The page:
Imagine you just bought a new motorcycle and a few days later the manufacturer or distributor announced a nationwide promotion with a massive discount price.
You’d feel pretty annoyed, wouldn’t you?
You’d probably also think you’d be justified in claiming a discount for the difference between what you paid and the new price.
Unfortunately, the ACCC, Choice and Fair Trade say the customer does not have a legal leg to stand on.
Fortunately, some reputable retailers will offer a bit of cash back, a free service or free goods to “buy your goodwill”.
However, the only time we can recall a company issuing a full refund after heavily discounting a big-ticket item was in 2004 when Holden slashed the price of its off-road Adventra wagon by $4000.
The refunds cost Holden more than $5 million in goodwill.
But that wasn’t a discount promotion. That was simply Holden getting their pricing wrong and being undercut by the new Ford Territory.
We have never heard of a motorcycle company offering a full refund after introducing a discount promotion.
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Best times to buy
So it is important that motorcycle customers learn the best times to buy a bike.
Some promotions are budgeted months in advance and are fairly predictable while some are last-minute promotions as a knee-jerk reaction to excess unsold stock.
There are periods when discounts are likely: in the run-up to Christmas; in January to clear unsold stock from showroom floors after Christmas; in June just before the end of financial year; and in spring to get people riding again after winter.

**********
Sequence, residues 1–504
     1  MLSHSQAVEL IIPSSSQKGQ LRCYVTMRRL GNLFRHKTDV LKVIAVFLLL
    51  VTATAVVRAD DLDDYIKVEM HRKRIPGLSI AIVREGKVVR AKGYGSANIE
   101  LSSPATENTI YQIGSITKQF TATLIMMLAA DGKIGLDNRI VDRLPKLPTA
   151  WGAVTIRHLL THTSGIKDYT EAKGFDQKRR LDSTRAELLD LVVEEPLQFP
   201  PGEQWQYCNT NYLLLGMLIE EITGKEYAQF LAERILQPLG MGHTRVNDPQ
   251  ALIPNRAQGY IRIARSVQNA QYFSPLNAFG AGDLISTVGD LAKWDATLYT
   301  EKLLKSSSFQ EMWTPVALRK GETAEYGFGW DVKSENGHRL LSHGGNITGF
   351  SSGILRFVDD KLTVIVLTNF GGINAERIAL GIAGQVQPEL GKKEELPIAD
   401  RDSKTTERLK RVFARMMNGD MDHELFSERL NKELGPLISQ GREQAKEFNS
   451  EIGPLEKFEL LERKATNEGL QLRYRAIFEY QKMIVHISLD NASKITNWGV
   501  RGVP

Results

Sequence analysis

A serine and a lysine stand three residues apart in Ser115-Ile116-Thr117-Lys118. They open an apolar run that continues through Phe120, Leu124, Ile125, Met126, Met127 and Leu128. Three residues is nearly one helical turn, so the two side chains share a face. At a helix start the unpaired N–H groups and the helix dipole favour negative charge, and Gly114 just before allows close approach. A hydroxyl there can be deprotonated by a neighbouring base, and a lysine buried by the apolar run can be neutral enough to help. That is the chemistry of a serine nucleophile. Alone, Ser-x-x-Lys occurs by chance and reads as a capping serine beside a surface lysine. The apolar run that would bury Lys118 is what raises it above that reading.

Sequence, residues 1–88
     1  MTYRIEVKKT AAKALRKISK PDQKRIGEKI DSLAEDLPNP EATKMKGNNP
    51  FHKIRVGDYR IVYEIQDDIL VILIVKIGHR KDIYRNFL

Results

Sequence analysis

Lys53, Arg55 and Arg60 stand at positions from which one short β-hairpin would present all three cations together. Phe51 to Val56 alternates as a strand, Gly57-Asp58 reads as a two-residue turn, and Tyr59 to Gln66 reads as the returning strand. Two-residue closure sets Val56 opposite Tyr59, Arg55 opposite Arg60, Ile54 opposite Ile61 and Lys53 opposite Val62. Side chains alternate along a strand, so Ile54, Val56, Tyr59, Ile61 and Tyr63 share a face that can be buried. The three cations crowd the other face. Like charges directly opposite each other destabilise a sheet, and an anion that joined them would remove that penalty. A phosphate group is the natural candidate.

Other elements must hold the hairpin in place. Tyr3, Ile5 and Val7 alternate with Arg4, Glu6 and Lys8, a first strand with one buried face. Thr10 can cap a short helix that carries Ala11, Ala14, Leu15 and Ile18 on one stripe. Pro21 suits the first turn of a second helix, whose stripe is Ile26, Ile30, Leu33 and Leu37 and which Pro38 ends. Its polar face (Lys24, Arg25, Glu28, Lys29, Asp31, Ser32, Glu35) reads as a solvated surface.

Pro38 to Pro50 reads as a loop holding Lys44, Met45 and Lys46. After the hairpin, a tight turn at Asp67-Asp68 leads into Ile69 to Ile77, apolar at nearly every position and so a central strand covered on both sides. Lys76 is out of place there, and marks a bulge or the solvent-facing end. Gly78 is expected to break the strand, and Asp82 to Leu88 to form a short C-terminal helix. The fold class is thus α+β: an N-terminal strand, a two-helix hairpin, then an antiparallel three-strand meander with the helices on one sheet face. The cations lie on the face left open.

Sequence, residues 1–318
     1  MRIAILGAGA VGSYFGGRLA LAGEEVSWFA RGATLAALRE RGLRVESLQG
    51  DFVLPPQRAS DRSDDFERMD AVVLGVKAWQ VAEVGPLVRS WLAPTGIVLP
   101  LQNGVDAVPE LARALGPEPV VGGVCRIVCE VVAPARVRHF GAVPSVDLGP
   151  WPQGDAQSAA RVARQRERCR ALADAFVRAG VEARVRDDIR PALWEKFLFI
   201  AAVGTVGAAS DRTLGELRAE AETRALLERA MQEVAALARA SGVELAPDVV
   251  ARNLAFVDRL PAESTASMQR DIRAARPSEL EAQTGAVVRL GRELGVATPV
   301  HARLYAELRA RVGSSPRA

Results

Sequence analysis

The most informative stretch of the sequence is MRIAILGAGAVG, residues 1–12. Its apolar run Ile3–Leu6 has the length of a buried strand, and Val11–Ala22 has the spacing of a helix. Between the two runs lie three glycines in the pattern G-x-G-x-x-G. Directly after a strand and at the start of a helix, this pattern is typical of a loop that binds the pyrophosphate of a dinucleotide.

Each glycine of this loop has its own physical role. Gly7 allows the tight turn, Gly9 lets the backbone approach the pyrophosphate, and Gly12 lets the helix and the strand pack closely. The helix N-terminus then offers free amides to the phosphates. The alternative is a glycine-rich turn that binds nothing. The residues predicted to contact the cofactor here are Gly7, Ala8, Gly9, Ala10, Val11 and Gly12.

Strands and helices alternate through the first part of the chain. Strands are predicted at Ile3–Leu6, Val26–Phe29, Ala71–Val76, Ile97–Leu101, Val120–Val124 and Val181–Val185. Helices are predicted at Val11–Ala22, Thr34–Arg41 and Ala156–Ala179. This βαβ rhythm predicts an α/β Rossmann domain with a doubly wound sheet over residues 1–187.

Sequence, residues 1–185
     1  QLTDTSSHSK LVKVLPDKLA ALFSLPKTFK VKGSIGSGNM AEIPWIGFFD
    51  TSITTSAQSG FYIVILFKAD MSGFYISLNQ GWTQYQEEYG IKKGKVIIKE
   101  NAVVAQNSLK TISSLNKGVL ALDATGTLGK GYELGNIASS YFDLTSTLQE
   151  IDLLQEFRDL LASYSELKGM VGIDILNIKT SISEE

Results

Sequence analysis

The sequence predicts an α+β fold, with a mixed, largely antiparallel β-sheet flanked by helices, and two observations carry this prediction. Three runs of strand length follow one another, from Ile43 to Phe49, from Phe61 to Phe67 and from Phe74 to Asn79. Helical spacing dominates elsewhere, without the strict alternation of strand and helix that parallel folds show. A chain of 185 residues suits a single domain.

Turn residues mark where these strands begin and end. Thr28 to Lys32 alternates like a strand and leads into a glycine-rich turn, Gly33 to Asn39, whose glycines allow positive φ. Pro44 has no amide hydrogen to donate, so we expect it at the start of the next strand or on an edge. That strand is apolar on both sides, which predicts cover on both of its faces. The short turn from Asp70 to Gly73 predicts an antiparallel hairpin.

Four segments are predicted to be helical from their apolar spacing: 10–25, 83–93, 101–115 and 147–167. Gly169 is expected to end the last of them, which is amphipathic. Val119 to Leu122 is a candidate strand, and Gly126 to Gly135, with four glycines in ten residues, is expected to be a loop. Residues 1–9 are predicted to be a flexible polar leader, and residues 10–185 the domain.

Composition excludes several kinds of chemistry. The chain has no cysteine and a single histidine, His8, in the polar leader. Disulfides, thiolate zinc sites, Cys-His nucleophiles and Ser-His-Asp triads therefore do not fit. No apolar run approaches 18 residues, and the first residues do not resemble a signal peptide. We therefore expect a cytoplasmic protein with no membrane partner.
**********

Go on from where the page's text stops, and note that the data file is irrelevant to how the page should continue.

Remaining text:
They can also follow the official quarterly release of sales results by the Federal Chamber of Automotive Industries. Check out our articles on motorcycle sales and you can expect those not doing so well to initiate discount promotions.
Discounts are also offered on current stock just before new models are introduced. Most brands release their new models at the same time every year, usually autumn or spring.
So find out when your preferred brand releases its new models and wait for their associated discount offers on existing stock.
Even if there are no formal discount offers in these periods, these are good times to bargain with your dealer.
In a perfect world, there would be an “amnesty period” between when a dealer is informed of a pending discount promotion and when it goes public.
In that time, the dealer should only sell a vehicle at full price if they offer an extended “cooling-off” period to the customer or offer a full refund or commensurate-value service.
But it’s not a perfect world, is it?
Instead, we are at the mercy of reputable dealers showing goodwill toward customers.
Thankfully for customers, it’s a highly competitive industry and most dealers are keen to get your business, so good sense and good business usually prevails. Disreputable dealers don’t last long.
In fact, we’ve heard of some honest salespeople who quietly tell a prospective buyer to “come back next week” and give them a wink and a nod!
Meanwhile, do your homework on the best times to buy your particular brand.
Have you ever been caught out by a discount deal just after you bought a motorcycle or been given the tipoff by a salesperson of a coming discount?